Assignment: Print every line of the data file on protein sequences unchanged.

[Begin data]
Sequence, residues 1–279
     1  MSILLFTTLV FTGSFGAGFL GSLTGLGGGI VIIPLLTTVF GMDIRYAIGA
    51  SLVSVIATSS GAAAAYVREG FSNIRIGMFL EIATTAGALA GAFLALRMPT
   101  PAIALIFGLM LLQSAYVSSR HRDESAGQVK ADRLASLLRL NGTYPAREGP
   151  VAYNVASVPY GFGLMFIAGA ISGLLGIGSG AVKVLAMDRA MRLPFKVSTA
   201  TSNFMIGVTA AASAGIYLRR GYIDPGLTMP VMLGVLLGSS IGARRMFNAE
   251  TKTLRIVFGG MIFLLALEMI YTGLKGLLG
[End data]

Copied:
Sequence, residues 1–279
     1  MSILLFTTLV FTGSFGAGFL GSLTGLGGGI VIIPLLTTVF GMDIRYAIGA
    51  SLVSVIATSS GAAAAYVREG FSNIRIGMFL EIATTAGALA GAFLALRMPT
   101  PAIALIFGLM LLQSAYVSSR HRDESAGQVK ADRLASLLRL NGTYPAREGP
   151  VAYNVASVPY GFGLMFIAGA ISGLLGIGSG AVKVLAMDRA MRLPFKVSTA
   201  TSNFMIGVTA AASAGIYLRR GYIDPGLTMP VMLGVLLGSS IGARRMFNAE
   251  TKTLRIVFGG MIFLLALEMI YTGLKGLLG